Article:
Spain's cap officially in hand for its banks

Spain's cap officially in hand for its banks
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The Spanish government has formally asked the eurozone for cash to prop up its failing banks.

The economy minister Luis de Guindos has sent a letter to the president of the eurogroup of finance ministers requesting help to recapitalise the sector.

Some estimates say Spain’s banks need more than 60-billion euros of new cash to stay afloat – eurogroup ministers have already said that up to 100-billion would be made available.

Spain’s Prime Minister said he will target economic growth and unemployment.

“The common currency must be irreversible. And in the next European council we must find the way to gradually move to integration. That is why we need to set a pre-established calendar with concrete phases and qualification criteria to get over those phases. The political message must be strong and the integration calendar must be clear to re-establish confidence in the euro’s stability,” Mariano Rajoy said.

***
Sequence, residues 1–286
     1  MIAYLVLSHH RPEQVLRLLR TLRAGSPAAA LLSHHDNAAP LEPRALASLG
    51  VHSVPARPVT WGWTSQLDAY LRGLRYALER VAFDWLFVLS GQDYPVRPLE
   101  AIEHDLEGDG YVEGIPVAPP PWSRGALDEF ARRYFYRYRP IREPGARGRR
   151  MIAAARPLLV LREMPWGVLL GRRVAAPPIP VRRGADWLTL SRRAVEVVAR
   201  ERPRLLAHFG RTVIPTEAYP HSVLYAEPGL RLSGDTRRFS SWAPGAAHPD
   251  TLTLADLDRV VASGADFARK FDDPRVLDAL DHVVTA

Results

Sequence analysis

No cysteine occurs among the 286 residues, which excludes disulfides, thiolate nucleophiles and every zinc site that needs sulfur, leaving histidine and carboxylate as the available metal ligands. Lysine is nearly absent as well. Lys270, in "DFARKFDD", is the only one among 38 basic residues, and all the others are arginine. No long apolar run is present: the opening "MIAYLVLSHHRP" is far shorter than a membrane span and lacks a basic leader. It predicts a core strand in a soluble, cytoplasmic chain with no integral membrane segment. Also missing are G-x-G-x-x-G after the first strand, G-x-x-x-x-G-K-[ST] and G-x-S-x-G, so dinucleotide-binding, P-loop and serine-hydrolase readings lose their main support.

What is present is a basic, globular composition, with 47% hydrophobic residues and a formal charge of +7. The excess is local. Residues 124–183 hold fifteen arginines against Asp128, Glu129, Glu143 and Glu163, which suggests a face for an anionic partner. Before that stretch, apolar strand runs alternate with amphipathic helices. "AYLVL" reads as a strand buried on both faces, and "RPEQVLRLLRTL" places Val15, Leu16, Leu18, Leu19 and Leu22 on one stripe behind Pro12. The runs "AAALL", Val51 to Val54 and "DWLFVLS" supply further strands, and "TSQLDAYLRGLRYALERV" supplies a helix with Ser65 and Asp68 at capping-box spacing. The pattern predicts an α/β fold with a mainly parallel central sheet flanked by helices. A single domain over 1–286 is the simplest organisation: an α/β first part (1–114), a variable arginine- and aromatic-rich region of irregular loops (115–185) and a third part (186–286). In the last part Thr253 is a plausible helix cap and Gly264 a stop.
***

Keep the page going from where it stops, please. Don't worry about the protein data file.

Spain’s banks are sinking in a sea of debt after lending huge sums that fuelled the country’s property bubble which then burst spectacularly.

European Commission and European Central Bank inspectors are expected to visit Spain to make their own assessment of how much the banks need.

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